When the fluid-filled bursae sacs around the knee develop inflammation, this can lead to knee pain.

Knee bursitis can also occur as a result of repetitive knee bending activities, creating irritation around the area of the affected bursa.

5. Fracture

knee fracture

A fracture can occur in any of the bony structures that form the knee. Usually, this results from a more obvious trauma, such as a fall or sports injury.

A fracture will usually be more obvious with its symptoms, such as severe knee pain, inflammation, swelling, and an inability to fully bear weight on the leg.

If you have a concern for a knee fracture, this requires immediate medical attention and more serious intervention.

6. Other Possible Causes of Knee Pain

Seeing as the list can go on and on, other common possible causes of knee pain when going down stairs to consider can include the following:

  • Patellofemoral pain syndrome (a.k.a. runner’s knee)
  • Dislocated knee cap
  • Iliotibial band (IT band) syndrome
  • Not maintaining a healthy weight (this can place additional stress and loads on the joints)
  • Improper shoe wear
  • Not maintaining a healthy exercise routine to support the knee structures (this increases your chances of knee pain and/or injury)
  • Pain in nearby joints, such as the hip or ankle (this can lead to a compensation injury at the knee)

How to Deal with Knee Pain

When you first begin noticing knee pain (outside of an immediate injury that requires sooner medical attention of course), there are some steps and measures you can take to avoid your pain worsening.

1. R.I.C.E.

Rest, Ice, Compression, Elevation. For treating knee pain temporarily and to initially reduce knee pain, the R.I.C.E. method is very valuable.

Initially after you begin noticing knee pain, one of the best things you can do is allow the knee to rest. Now, don’t become completely sedentary, but do try to avoid activities that tend to aggravate your pain.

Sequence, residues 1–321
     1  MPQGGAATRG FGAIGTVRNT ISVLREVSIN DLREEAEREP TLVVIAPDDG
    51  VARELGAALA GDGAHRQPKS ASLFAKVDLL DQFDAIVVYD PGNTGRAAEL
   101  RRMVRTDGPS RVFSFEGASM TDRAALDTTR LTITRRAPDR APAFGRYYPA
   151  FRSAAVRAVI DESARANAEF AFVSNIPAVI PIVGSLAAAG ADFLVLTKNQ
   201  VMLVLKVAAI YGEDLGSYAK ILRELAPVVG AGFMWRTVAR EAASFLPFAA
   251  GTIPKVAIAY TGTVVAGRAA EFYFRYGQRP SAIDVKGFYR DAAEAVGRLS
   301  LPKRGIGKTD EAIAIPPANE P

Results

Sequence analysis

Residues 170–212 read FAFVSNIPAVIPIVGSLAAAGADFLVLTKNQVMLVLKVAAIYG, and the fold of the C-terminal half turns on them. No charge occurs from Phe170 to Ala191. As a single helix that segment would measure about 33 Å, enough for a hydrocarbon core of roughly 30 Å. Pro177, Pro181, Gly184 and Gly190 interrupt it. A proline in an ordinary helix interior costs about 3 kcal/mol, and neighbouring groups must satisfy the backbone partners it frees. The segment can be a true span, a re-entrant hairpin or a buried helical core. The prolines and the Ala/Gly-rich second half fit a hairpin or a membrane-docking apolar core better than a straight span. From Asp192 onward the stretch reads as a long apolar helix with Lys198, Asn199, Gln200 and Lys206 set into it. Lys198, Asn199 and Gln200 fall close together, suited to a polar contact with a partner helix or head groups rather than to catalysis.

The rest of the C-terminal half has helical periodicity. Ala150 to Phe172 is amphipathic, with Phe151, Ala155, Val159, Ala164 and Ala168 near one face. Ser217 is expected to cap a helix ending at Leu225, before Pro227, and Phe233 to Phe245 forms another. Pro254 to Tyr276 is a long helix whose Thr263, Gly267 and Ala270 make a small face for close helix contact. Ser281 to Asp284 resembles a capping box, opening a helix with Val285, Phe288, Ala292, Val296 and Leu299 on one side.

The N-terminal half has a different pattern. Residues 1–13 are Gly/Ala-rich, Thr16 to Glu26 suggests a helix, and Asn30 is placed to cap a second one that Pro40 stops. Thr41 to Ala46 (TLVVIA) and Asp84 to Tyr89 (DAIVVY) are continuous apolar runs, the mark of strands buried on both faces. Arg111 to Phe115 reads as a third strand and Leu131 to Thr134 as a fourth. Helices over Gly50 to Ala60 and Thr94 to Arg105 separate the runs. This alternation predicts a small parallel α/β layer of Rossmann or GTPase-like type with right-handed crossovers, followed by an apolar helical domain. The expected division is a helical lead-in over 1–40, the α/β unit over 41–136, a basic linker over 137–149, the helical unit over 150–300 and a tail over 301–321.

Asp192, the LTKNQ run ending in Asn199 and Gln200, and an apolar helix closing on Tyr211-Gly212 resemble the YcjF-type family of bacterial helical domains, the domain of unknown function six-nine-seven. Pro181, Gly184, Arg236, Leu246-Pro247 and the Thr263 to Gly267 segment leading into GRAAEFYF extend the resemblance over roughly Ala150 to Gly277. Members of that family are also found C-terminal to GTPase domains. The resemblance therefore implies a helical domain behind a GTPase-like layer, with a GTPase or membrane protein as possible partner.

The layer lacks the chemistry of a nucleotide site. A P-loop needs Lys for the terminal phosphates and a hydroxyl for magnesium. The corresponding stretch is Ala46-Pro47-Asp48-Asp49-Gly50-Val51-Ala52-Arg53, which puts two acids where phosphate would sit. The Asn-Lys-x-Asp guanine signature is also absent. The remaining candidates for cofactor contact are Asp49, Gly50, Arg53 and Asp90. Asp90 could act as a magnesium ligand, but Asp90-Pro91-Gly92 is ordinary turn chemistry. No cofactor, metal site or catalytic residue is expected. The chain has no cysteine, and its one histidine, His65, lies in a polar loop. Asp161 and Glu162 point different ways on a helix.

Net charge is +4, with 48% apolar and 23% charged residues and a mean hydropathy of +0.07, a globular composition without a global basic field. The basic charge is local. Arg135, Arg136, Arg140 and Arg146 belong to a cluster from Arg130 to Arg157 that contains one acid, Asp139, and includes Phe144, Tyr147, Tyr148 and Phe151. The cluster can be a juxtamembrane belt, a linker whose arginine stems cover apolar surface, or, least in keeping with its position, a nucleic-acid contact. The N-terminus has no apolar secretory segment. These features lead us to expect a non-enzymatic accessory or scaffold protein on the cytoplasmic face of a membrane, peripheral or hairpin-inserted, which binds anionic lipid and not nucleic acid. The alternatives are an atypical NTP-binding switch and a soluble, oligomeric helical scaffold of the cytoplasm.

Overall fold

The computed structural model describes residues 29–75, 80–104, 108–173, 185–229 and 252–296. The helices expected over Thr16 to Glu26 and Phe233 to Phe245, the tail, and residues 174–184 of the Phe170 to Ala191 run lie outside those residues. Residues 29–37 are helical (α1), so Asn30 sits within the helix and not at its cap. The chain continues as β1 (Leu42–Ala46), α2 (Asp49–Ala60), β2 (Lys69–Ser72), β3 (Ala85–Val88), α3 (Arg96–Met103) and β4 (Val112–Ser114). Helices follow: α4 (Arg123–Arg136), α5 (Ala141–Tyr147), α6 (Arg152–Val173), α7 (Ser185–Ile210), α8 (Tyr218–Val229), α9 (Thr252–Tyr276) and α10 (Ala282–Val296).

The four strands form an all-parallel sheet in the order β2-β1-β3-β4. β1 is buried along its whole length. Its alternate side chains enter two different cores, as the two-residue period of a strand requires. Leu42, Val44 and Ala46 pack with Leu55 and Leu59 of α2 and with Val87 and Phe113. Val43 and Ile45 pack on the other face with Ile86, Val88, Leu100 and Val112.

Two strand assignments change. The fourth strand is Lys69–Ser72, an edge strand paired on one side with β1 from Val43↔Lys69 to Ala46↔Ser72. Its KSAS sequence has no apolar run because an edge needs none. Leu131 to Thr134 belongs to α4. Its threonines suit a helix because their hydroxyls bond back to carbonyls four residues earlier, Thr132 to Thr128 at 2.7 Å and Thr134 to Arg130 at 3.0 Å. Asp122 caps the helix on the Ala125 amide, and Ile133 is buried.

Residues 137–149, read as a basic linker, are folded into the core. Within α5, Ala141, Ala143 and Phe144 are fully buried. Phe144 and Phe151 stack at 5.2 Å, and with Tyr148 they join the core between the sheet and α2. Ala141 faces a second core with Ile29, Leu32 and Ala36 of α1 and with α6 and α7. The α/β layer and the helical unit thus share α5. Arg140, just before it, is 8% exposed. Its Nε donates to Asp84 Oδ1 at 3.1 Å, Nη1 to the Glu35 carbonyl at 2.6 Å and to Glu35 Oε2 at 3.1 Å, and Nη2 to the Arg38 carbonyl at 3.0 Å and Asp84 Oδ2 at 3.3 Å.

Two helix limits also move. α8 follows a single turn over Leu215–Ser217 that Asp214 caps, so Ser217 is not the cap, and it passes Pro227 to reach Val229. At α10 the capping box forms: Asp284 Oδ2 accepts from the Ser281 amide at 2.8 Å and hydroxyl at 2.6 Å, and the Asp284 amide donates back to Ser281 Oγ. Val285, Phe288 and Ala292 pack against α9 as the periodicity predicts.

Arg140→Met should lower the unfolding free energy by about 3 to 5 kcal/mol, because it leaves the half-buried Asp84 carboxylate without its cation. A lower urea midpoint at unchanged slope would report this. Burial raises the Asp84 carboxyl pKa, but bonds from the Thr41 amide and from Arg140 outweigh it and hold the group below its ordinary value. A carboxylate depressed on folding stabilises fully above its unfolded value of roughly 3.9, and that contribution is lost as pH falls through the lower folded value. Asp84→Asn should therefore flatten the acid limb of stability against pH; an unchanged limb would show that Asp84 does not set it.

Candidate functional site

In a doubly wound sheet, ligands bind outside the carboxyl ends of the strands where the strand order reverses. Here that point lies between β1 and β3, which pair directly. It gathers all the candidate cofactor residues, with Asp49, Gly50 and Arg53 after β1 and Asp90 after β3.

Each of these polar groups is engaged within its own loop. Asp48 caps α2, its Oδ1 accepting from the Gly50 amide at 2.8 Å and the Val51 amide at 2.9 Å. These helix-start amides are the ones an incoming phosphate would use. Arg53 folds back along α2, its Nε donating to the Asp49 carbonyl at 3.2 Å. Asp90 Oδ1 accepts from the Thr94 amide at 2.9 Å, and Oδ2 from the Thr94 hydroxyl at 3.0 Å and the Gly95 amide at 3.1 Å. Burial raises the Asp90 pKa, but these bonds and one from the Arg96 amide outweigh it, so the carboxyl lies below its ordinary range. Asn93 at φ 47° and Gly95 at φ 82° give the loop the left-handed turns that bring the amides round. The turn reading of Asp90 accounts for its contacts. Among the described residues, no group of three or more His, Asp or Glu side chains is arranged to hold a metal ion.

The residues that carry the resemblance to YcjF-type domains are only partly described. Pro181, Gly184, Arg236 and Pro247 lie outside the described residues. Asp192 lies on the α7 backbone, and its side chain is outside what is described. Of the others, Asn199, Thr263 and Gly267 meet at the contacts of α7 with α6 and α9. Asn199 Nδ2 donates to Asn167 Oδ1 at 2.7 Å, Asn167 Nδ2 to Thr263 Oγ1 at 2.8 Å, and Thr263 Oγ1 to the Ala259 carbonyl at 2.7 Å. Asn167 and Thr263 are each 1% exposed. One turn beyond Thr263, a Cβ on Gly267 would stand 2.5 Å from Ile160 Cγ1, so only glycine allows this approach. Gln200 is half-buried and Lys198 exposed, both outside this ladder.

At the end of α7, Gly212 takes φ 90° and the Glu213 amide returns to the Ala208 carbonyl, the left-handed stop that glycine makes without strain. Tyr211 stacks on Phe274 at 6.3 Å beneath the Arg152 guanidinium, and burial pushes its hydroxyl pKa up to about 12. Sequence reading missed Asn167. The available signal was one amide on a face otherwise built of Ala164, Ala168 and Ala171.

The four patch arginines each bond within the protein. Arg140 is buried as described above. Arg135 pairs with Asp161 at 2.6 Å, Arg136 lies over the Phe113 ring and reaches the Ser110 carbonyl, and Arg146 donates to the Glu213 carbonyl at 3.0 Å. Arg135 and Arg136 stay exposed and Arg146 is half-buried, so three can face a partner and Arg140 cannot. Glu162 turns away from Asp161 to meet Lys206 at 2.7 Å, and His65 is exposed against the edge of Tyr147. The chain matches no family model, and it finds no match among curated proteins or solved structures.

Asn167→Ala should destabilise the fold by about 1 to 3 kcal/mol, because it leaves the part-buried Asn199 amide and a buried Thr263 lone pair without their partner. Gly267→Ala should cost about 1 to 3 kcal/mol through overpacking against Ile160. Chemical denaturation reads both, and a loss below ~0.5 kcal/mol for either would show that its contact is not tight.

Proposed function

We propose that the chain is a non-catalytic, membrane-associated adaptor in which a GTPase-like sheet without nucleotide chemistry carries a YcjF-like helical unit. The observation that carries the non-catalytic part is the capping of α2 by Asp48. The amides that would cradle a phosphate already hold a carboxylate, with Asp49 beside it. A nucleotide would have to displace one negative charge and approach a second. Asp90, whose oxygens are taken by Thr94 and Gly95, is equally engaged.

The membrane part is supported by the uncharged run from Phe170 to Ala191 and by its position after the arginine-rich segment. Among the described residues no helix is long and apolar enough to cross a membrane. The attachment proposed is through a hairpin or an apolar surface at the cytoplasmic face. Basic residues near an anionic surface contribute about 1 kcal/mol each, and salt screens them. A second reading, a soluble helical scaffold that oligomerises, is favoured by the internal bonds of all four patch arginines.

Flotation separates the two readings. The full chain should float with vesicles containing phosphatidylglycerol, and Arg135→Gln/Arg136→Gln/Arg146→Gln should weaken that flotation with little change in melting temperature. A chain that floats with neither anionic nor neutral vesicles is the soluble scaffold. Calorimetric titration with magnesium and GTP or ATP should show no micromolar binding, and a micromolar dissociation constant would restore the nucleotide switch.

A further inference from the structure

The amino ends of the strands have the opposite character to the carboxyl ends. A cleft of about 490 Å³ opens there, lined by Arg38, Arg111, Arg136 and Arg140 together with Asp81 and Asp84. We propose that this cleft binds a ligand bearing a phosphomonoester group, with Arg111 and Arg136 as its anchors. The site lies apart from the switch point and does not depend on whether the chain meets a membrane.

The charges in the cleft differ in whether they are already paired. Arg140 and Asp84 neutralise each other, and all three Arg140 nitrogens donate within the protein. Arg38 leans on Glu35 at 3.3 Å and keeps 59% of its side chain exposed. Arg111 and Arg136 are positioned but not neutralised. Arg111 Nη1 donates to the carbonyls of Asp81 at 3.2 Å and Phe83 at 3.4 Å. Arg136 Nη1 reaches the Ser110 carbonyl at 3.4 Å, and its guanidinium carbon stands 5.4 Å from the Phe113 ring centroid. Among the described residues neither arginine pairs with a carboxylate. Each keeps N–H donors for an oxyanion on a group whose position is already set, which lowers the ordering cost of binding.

Ice is best to use versus heat at first because many times knee pain is accompanied by inflammation and mild swelling. Ice will more effectively treat these issues. Try to avoid icing longer than 20 minutes at a time, and make sure to take at least a half hour break between icing sessions.

Compression involves wrapping or using a knee brace of some sort. Use of compression can greatly help with swelling and pain management.

While you don’t want to necessarily get used to wearing a knee brace all the time long-term (your supportive soft tissues won’t feel the need to work if the brace does it all for them!), for initial pain management and to help you be able to move around more easily while healing, this can be a helpful tool.

As a side note, some find taping the knee to be more beneficial to reduce pain versus using a brace or wrap. There are many taping methods available to help support the knee.

Below you’ll find a video demonstrating a general taping method to help with knee pain. If you’re in physical therapy, make sure to discuss this option with your physical therapist and they can work with you to find the best taping method for your knee pain.

Never underestimate the power of elevating an injured area. For many of the reasons already listed, keeping the knee elevated will further help with management of pain, swelling and inflammation. The knee may feel more comfortable with a large pillow under the entire leg to support it.

2. Weight Management

We mentioned earlier how a person’s body weight can place additional stress on an otherwise healthy knee.

Extra body weight will make the knees bear more of a load than they may be capable of. This will then affect many of your daily activities, including walking, bending, and going up or down stairs.

A healthy body weight can be achieved through a combination of the right diet and exercise routine. If you’re not sure where to start, consult with your doctor for recommendations and other referral sources.

Other healthcare professionals that can assist with your goal of improving your body weight include a dietician or nutritionist for tips on a healthy diet, a personal trainer to help you create and maintain a consistent workout routine, and a physical therapist to assist with an appropriate home exercise program while also addressing and helping to alleviate knee pain.

3. Anti-Inflammatory Medication

Your doctor may recommend for you to take over the counter treatment options, such as anti-inflammatory medications, especially if pain worsens after you’ve already attempted other pain relief interventions.